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Also, since it takes so long for a standard to come out for things like HTML, is it possible that the <canvas> in HTML5, though it may not be replaced in specs, will be updated often in the browser so that it can get better and better like Flash did/does in its various iterations?

In other words, we may have <canvas> ten years from now but the canvas of today will not be the canvas of five years from now, except in name?

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You're comparing apples with oranges here. <canvas> is a plain vanilla 2D Bitmap(or 3D view with WebGL...) on which you can draw and apply transformations to. Flash is way more than that just that, <canvas> is just one element of many in the "HTML5" mix. You're definitely not going to just use <canvas> as a drop in replacement, since things like e.g. tiles engines are way faster with just pure HTML. – Ivo Wetzel Sep 9 '10 at 1:32
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No.

If you have to use canvas over Flash, it's well worth checking out what Grant Skinner's done with the Create.js suite - Easel.js is a very good attempt to model, or approximate, the Flash display model (containers, parameters etc), and with a decent JS IDE (hmmm) you can get some good stuff going, but if you're a Flash developer the experience is often quite depressing, it's like going back ten years, and writing complex programs in JavaScript? Get ready for some serious pain.

In sheer performance, canvas has come on a long way, but you still have to code in JS, you're missing the Flash IDE which shaves weeks off development. Hopefully, if we really have to adopt this big mess over Flash, Adobe Edge will help with this.

Also, HTML5 sound support is pathetic. Again, Grant Skinner and Audio.JS can take a lot of the pain out, but as with display, large chunks of the flash feature set simply do not exist in HTML5, and there is no way to approximate them yet, and as Yi Jiang points out (you can safely disregard the other answer) any significant changes take a long time to come about!

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The short answer is, currently, and in the foreseeable future, no.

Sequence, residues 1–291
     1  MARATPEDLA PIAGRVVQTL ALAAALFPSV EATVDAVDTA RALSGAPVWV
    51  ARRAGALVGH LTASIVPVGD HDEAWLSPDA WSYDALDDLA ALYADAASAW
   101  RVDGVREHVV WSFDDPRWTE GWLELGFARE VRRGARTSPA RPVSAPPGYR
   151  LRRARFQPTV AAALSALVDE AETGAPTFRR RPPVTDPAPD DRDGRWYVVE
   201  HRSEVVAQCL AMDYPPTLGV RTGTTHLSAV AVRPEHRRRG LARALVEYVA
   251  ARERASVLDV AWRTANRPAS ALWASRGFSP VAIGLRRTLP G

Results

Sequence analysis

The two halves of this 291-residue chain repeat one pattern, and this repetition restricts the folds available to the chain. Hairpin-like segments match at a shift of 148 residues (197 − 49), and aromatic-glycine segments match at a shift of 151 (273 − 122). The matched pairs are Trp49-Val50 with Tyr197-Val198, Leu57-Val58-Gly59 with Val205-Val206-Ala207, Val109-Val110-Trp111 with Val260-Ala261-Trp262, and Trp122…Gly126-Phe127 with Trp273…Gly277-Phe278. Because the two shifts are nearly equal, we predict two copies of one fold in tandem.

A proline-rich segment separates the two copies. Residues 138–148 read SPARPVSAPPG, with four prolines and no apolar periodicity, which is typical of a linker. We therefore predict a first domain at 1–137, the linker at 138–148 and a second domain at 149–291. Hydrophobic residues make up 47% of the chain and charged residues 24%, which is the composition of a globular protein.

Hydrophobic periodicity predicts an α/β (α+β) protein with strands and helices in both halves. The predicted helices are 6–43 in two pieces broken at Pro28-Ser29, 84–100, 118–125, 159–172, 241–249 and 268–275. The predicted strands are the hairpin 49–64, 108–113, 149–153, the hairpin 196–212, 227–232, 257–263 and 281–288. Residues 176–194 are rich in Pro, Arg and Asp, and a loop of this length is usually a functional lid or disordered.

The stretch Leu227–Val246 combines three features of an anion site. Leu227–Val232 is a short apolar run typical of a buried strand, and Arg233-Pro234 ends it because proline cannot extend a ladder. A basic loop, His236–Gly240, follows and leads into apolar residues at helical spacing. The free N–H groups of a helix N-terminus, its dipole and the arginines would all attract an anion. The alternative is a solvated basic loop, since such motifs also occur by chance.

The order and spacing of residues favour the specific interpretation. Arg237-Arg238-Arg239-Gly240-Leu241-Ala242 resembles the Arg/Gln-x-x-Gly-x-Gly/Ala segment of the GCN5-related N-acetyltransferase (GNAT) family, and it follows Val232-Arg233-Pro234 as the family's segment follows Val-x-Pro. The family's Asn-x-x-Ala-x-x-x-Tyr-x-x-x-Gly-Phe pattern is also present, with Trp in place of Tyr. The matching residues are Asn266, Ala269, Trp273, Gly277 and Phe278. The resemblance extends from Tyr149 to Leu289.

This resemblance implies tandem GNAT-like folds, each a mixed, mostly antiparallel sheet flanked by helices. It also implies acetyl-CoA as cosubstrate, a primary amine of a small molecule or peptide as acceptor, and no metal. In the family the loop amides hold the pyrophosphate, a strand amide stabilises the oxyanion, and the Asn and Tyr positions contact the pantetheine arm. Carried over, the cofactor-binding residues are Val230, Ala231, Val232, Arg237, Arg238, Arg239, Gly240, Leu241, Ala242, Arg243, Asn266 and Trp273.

First, you need to realize that it's not just HTML5 we're talking about here. Javascript is also needed for the animation, game logic, 2D/3D engine, etc. And although Actionscript performance is very poor, Javascript performance is abysmal compared to that. In addition, Flash has a mature and developed IDE and a set of drawing tools that allow the creation of complex vector graphics and animation. No such things exist for <canvas> as far as I'm aware of.

As for the specifications part, again, impossible. Adobe controls the IDE, the language specifications and the client-side player for Flash. This basically means that they can do whatever they want with it. If you don't like any of the changes, don't buy/use their product. This means that they can develop their product in whatever direction they see fit, and at a pace the W3C will never be able to match.

HTML on the other hand, is very different. The W3C has to sit down with the major browser vendors, as well as listen to the web developers and end users. And even though flashy, interesting features like <audio> and <canvas> are at the top of every web developer's wishlist, backwards compatibility is also incredibly important to the specifications. This is one of the reason why development on the specifications is so slow - the specifications do not just depend on the W3C rolling out them out - it's also browser vendors adopting the specs, web developers using the features, and end users upgrading their browsers. None of that is going to change with HTML5, so why do you expect the speed of development to pick up?

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Even though there are some fundamental conceptual obstacles, there are already many good games written in 2D and 3D canvas, with hardware acceleration. Browser support may be an issue, but once one has a supporting browser, there isn't much of a problem afterwards. – Delan Azabani Sep 9 '10 at 1:44
    
@delan what games are you referring to? thanks. – johnny Sep 9 '10 at 2:32
    
You can start with chromeexperiments.com which is a site with hundreds of mostly, canvas-based games and applications. – Delan Azabani Sep 9 '10 at 3:27
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@Delan: hundreds? There are 118 experiments of which a handfull deserves to be called "application" or "game". Currently, there is no good HTML5 based game, that could compete with what is possible in flash or what has been done in HTML4 so far. – back2dos Sep 9 '10 at 9:59
    
Google has ported Quake 2 to WebGL, and that is one of the best examples of its power. – Delan Azabani Sep 9 '10 at 10:25

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